Thanks for a great day in København! I think we had some really interesting discussions. Here are some guidelines and links to help you with your work. Feel free to email me or call me!

Looking forward to see your posters – be bold and be interesting!

O.

PS will add more stuff to this page during the day.
PS 2 I recommend a visit at Better Posters – the biggest web site about poster design on the web.

+46 70 888 55 41
olle@bergman.com
se.linkedin.com/in/ollebergman/en
@OlleBergmanSE

••••

Designing a poster – a work process

Intellectual preparation phase

  1. Go through the elevator pitch you wrote yesterday.
  2. Decide on 2–4 main conclusions.
  3. Pick out the visuals you need to support your conclusions.
  4. Write a working title (just a starting point for your planning – you will polish it later).

Basic Design Phase

  1. Use printouts, pen & paper, whiteboard and/or Post-it notes for sketching a layout.
  2. Decide a logical order.
  3. Write single sentences for the different components (you will fill in more text later in the process).
  4. Start the layout work in PowerPoint or InDesign. Think about CRAP, stick to the grid and don’t make the text columns too wide. Think BIG! Here’s a tool (there’s plenty of them!) for creating a color palette: https://www.canva.com/color-palette/
  5. When you have a basic layout, add more text.

Refinement Phase

  1. Work on the title – I suggest writing three to five different alternatives and let your peers give feedback.
  2. Look at every single element (graph, diagram, header, paragraph, sentence, line, frame, logo …) and ask yourself ”Does it add value for the reader or is it just noise?”.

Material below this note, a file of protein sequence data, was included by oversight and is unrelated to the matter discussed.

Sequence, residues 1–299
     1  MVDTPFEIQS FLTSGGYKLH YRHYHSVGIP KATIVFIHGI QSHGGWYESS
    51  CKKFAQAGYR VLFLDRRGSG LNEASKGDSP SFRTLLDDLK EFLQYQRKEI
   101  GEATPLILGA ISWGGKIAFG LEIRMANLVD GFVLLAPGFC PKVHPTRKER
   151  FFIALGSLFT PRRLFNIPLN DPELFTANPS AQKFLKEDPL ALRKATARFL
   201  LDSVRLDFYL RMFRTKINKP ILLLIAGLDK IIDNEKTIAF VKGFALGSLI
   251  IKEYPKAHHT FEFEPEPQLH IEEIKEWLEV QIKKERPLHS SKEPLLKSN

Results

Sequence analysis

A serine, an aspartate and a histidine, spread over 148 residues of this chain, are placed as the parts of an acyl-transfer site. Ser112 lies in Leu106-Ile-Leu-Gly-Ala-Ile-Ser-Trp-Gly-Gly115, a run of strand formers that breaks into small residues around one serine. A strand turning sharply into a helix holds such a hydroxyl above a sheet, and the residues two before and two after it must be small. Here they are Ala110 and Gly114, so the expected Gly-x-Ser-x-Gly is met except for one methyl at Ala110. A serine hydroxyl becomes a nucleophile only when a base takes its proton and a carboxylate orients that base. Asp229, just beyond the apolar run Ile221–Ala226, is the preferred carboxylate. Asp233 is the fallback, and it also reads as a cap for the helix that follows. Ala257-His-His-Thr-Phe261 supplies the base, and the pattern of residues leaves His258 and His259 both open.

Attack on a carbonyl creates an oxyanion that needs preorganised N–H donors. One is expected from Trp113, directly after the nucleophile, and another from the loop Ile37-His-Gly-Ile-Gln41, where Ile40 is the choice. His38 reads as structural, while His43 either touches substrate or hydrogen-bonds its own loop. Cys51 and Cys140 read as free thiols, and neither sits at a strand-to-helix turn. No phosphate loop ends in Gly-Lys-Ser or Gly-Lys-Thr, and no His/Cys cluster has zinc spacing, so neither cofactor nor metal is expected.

3. Shorten the texts. Cherish the white space!
  4. Polish the visuals, thinking about the data/ink ratio.

Optional

  • Prepare your verbal explanation.
  • Make three different posters: one conservative, one balanced and one radical.

••••

Links

The Poster Design Hub
A resource page for scientific posters

Basic graphic design: Contrast, Repetition, Alignment, Proximity
A chapter from a book by Garr Reynolds.

Remove to improve
Some notes from the makers of the video we saw

Designguide Science Københavns Universitet
English notes in the right column!

Øresund from the Swedish side!

An interesting criteria for a really poor presentation

Today, I attended a ten minute presentation which made me so impatient that I had to restrain myself. As I was a guest, I felt that it was improper that my eyes (investigative), the expression on my face (disgruntled) and my body language (tense) gave away my feelings. I needed to relax fast and attain the same blank pose as the other members of the audience.  Accordingly, I decided to start counting backwards from 200.

Hereby, I define the ”200 TEST” for public speakers: if your presentations make people count backwards from 200, you should perhaps do something about them.

QDETAILSS research school, Lund University, 12 November 2018

Hi guys!

Thanks for a great workshop at Kemicentrum. Judging from the discussions we had, I am looking forward to seeing your posters on Thursday. Please remember that this is a safe environment for bold initiatives and creative ideas; feel free to come up with something different.

O.

PS You can use the comments section here for questions, comments and links. What did you find especially interesting in my lesson?